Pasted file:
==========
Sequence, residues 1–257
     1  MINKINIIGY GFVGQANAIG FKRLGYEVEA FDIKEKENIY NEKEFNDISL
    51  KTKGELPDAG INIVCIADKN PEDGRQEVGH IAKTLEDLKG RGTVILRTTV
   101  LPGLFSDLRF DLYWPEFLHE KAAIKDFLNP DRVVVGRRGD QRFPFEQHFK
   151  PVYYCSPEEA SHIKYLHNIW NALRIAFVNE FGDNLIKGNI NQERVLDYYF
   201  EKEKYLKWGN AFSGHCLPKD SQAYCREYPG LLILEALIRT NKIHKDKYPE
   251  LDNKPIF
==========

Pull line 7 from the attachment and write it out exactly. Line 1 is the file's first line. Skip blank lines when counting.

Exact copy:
   251  LDNKPIF